A MOTHER has failed in a bid to win damages, after her daughter was murdered by a violent criminal who was on home leave from prison.
Ann Thomson maintained John Campbell posed “a real and immediate danger” and that the Scottish Prison Service (SPS) owed a duty of care to her daughter Catherine, 26, and other members of the public not to release such inmates on short-term leave.
Campbell fatally stabbed her in the neck at her home in Moodiesburn, North Lanarkshire, in 2005.
He had been jailed for eight and a half years in 2002 after serious knife attacks on his estranged wife and her female friend, after he was released on licence from prison.
Three days before he fatally stabbed Miss Thomson, he had been allowed out of Castle Huntly open prison, near Dundee, to visit his mother’s home in Moodiesburn.
After the attack on Miss Thomson, Campbell, 34, fell to his death from an upper balcony in Glasgow’s Barlinnie prison.
Mrs Thomson raised an action at the Court of Session in Edinburgh against the Scottish Government, which is responsible for the SPS. She sued for £50,000.
She claimed Campbell should not have been deemed suitable for low-level supervision and should not have been considered for a short leave. She also said the SPS did not protect the life of her daughter in terms of Article 2 of the European Convention on Human Rights, which provides protection of the right to life.
The Scottish Government contested the action and in 2011 Lord Brodie dismissed her case.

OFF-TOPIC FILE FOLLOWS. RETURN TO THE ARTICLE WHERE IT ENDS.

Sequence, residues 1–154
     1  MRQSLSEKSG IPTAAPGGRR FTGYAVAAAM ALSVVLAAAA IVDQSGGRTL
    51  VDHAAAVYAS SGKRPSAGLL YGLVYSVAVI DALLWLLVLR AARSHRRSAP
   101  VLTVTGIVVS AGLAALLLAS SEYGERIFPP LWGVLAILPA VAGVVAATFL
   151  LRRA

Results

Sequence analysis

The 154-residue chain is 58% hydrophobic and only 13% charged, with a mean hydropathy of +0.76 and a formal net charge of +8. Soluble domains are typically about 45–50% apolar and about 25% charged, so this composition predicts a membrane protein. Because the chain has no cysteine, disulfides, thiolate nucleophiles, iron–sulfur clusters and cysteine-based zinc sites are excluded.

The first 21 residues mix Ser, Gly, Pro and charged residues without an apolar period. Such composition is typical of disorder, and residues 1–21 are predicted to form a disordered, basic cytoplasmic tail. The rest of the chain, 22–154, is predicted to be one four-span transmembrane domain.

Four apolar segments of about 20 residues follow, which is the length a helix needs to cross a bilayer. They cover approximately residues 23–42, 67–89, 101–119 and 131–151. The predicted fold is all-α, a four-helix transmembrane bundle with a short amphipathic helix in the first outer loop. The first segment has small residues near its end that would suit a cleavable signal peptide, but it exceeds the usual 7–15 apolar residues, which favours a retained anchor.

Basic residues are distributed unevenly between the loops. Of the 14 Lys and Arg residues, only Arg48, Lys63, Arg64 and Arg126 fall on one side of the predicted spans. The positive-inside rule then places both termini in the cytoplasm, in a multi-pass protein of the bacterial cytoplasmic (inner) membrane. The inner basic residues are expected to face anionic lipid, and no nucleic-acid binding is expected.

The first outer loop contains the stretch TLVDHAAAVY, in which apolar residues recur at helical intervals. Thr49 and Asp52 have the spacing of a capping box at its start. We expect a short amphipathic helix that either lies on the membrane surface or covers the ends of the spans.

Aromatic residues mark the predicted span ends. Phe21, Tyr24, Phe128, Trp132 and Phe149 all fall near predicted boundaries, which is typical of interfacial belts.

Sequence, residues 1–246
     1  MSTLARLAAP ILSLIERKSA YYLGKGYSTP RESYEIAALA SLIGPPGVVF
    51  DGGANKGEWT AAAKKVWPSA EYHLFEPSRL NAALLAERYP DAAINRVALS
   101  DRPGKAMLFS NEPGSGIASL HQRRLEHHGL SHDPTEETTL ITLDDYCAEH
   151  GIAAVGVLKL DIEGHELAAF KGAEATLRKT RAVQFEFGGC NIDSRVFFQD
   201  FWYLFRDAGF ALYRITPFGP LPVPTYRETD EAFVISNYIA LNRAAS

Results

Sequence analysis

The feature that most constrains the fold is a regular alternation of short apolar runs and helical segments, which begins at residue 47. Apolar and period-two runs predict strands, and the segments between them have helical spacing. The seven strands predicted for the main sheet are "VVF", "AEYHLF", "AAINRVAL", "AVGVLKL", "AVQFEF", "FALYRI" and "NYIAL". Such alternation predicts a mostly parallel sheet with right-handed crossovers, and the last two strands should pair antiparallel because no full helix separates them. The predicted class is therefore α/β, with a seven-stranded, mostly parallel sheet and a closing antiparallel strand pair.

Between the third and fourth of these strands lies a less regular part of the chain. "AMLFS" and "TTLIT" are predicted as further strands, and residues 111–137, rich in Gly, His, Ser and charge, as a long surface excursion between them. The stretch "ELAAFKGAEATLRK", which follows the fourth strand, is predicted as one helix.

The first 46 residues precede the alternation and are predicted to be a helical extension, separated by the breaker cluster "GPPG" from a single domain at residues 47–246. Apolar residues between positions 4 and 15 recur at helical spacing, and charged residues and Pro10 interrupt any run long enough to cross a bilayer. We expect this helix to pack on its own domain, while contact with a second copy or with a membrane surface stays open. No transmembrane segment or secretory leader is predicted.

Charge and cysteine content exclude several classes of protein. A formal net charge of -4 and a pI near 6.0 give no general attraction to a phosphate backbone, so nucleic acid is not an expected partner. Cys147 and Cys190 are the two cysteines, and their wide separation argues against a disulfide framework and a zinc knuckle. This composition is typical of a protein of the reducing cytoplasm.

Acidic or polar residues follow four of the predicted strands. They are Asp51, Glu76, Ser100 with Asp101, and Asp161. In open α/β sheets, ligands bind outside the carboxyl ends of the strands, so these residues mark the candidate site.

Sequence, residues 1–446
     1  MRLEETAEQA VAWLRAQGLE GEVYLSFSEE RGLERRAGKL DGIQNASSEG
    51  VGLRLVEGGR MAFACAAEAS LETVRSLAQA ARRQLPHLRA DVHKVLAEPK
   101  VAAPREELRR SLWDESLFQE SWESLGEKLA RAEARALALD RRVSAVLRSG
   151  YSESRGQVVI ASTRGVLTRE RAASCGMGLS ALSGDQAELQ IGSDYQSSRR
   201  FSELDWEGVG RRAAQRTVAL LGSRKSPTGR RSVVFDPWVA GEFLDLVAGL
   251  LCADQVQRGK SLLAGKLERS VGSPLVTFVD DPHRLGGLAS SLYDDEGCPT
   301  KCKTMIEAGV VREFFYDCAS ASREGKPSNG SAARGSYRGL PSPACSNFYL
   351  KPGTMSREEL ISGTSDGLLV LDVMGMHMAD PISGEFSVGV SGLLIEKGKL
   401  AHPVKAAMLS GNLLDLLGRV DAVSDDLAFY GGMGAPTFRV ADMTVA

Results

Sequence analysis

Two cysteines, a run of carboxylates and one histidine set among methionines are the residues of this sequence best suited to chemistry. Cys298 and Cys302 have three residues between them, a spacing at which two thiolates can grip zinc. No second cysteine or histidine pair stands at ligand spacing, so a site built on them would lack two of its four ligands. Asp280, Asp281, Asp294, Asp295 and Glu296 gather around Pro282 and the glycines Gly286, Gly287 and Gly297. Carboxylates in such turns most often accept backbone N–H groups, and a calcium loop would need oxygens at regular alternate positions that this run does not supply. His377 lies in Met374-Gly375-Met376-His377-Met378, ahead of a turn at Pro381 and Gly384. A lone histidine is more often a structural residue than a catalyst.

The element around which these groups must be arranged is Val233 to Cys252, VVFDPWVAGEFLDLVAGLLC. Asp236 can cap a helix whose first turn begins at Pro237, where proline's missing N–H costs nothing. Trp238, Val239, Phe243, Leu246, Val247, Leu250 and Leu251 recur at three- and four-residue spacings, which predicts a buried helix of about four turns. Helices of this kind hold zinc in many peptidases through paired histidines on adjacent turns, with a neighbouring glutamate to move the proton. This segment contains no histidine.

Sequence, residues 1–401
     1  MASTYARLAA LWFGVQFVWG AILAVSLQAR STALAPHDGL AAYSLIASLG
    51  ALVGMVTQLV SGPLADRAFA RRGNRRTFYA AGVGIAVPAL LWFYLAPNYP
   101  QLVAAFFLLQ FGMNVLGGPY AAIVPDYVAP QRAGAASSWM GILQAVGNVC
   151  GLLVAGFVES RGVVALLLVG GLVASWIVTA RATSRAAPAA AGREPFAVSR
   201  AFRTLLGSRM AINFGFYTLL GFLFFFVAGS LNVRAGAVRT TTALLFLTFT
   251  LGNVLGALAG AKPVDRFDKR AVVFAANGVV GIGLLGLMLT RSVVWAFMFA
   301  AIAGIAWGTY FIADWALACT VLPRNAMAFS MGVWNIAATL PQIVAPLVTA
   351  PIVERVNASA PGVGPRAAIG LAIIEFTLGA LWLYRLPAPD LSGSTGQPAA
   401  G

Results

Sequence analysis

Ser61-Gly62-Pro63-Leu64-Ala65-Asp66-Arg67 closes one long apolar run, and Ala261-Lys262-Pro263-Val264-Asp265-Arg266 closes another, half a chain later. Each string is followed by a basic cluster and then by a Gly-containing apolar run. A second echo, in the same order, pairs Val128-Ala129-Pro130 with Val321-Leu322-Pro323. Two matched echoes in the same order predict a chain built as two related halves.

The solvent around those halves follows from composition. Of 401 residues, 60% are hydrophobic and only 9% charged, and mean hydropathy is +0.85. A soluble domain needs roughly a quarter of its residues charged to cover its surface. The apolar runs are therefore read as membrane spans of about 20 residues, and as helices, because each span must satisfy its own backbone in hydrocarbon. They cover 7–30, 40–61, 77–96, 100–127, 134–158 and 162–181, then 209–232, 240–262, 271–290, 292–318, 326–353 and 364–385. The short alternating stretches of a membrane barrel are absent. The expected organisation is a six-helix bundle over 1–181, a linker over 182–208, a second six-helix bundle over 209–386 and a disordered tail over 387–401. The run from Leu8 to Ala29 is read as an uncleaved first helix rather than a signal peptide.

But Mrs Thomson challenged the ruling before three judges at the Court of Session, who rejected her appeal yesterday.
The Lord Justice Clerk, Lord Carloway, sitting with Lord Menzies and Lady Dorrian, said: “In order to succeed, the pursuer [Mrs Thomson] must establish a special relationship which exposed the deceased to a particular risk of damage as a result of negligence by the defenders.”
Lord Carloway said an assertion that Campbell had posed a danger to people with whom he would “have dealings” on his weekend leave “says little more than that any person with whom he came into contact, from the moment of stepping off the bus in central Glasgow, could potentially be at risk from him because of his underlying recidivism”.
He said if liability was to be imposed on the SPS on the basis advanced in the case, “it would potentially render the SPS and perhaps the Parole Board open to claims from any person who became a victim of a prisoner released before the mandatory date of his/her liberty”.
He added: “Such a regime would have potentially serious consequences for the proper functioning of both these institutions in the care and rehabilitation of prisoners and hence to society as a whole.”